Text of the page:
New Zealand has a plan to tax farmers for their livestock's burps and farts — and it's causing a stink ahead of Saturday's general elections.
The economy is driven by agriculture with around 10 million cattle and 25 million sheep roaming the nation's pastures. Just under half of New Zealand's emissions come from agriculture, and cattle are the main culprits.
Their belches and farts contain methane, which is far less abundant in the atmosphere than carbon dioxide, but is responsible for around 30 per cent of the global rise in temperatures to date.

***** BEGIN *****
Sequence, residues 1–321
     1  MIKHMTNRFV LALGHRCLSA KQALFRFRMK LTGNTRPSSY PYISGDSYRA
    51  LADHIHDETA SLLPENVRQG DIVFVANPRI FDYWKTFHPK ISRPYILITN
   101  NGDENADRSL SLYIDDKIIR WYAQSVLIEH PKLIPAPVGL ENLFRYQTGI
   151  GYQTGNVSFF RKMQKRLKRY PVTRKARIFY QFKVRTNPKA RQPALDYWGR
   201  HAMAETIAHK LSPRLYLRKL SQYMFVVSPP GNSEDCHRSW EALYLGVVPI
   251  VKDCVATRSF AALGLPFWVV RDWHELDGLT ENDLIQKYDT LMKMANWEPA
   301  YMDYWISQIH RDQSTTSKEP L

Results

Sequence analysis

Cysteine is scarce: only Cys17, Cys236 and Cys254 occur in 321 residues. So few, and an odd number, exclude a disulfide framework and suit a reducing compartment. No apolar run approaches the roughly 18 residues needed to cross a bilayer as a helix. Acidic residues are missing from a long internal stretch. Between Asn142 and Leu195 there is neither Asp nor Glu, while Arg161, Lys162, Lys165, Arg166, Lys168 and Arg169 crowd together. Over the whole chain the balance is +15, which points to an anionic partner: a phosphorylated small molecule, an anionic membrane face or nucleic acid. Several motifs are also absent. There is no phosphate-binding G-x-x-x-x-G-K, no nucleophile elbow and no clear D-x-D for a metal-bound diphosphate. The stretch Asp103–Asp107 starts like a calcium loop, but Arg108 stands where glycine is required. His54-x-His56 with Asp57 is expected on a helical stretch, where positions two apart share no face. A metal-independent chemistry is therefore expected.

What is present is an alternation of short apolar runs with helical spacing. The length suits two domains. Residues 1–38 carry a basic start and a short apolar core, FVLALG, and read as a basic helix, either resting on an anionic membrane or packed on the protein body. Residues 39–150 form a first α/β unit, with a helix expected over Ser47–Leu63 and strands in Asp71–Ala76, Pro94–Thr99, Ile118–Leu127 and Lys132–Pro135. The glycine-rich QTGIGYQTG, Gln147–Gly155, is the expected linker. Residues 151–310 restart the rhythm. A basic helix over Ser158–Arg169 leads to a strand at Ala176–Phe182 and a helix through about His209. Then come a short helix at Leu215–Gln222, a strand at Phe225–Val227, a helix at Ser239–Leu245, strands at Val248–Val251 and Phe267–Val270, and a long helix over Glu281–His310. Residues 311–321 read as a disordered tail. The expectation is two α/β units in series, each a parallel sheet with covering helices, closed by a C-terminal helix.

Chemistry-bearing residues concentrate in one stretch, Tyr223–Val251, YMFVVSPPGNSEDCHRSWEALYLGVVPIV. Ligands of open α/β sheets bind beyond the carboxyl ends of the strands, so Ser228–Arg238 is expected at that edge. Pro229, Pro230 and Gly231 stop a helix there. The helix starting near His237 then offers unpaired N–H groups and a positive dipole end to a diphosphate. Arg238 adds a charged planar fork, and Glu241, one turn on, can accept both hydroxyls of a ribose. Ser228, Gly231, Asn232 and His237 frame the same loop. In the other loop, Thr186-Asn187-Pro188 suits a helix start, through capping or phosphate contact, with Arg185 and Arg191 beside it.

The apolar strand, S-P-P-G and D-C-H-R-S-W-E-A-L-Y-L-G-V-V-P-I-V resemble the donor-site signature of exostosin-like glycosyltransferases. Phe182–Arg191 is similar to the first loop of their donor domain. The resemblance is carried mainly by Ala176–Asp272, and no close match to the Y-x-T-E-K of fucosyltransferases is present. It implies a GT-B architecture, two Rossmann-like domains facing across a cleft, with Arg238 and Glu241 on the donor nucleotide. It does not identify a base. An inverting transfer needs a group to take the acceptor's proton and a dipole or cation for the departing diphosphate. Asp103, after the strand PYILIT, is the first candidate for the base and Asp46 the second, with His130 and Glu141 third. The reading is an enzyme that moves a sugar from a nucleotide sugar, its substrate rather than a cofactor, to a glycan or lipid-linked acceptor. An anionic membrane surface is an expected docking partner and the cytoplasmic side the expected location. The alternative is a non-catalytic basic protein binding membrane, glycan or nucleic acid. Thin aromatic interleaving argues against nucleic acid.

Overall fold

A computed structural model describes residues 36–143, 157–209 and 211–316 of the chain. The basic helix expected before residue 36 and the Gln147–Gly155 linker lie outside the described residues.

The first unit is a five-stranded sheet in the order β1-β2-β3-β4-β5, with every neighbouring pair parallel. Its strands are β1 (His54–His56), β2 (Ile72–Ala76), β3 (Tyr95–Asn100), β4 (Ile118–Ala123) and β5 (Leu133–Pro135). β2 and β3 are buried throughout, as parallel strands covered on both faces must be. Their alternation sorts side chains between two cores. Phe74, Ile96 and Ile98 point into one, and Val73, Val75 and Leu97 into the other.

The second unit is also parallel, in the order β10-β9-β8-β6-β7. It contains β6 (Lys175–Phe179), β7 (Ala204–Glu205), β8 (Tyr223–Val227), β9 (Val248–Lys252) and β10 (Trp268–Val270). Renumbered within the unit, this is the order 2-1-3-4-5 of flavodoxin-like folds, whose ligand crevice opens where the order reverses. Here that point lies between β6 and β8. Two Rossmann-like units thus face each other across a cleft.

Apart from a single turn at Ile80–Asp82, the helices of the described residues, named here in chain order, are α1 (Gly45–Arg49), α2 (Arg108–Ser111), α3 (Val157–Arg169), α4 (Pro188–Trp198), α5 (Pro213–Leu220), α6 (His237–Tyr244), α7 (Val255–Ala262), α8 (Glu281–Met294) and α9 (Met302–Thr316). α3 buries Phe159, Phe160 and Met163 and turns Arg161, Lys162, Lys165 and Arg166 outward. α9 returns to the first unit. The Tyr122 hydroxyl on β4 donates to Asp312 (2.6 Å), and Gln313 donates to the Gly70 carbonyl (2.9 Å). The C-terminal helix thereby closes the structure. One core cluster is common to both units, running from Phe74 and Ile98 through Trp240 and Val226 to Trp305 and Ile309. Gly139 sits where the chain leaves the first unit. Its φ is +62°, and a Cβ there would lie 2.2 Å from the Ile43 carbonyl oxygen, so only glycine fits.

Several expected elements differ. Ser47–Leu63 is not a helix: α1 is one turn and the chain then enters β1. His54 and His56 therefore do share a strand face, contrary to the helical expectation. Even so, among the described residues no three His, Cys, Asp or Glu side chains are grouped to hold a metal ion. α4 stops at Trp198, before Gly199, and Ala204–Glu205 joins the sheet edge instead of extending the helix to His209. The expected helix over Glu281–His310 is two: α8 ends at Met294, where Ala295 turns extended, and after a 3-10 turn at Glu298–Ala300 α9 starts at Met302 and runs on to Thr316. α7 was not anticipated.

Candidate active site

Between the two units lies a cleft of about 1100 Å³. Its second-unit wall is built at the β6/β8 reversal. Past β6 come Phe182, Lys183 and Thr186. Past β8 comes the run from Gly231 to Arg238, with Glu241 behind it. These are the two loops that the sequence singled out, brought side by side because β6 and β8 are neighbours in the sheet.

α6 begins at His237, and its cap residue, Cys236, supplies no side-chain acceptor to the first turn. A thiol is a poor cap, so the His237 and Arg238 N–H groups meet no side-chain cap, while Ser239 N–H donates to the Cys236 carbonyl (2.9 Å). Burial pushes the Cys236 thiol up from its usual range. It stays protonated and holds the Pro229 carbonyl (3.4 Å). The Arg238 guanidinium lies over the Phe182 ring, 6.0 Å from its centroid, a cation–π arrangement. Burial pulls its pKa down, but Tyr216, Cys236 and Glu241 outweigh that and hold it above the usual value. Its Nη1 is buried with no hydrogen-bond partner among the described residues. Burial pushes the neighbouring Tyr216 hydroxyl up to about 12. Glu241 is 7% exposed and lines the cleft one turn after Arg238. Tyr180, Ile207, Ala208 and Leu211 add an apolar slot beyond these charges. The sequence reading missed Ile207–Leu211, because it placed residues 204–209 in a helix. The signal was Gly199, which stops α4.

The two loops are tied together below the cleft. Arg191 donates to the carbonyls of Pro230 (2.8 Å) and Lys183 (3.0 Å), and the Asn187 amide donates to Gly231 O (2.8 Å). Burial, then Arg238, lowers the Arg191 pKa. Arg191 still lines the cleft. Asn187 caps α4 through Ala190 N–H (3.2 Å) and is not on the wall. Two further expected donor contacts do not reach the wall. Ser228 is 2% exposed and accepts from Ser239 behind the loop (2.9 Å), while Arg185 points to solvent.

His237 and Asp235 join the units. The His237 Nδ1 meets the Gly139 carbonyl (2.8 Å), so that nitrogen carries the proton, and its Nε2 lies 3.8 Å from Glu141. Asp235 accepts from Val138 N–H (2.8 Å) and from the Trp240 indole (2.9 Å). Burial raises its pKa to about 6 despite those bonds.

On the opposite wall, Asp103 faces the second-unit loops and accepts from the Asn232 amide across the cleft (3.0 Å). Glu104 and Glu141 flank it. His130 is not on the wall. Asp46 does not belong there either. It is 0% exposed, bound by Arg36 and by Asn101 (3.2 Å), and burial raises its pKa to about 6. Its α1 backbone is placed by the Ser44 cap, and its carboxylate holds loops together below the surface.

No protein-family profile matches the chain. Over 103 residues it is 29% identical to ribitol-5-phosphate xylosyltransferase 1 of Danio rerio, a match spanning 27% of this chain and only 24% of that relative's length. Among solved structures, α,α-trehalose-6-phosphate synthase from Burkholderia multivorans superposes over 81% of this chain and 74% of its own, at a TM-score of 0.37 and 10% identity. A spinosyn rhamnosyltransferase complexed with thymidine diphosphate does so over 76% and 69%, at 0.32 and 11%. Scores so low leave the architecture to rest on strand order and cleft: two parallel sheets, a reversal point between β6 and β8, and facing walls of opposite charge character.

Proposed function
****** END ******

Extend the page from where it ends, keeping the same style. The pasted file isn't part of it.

New Zealand's government has targeted livestock as it drives towards a target of net-zero greenhouse gas emissions by 2050. It is one of the first countries to announce it will start pricing agricultural emissions — in effect taxing burps and farts from livestock.
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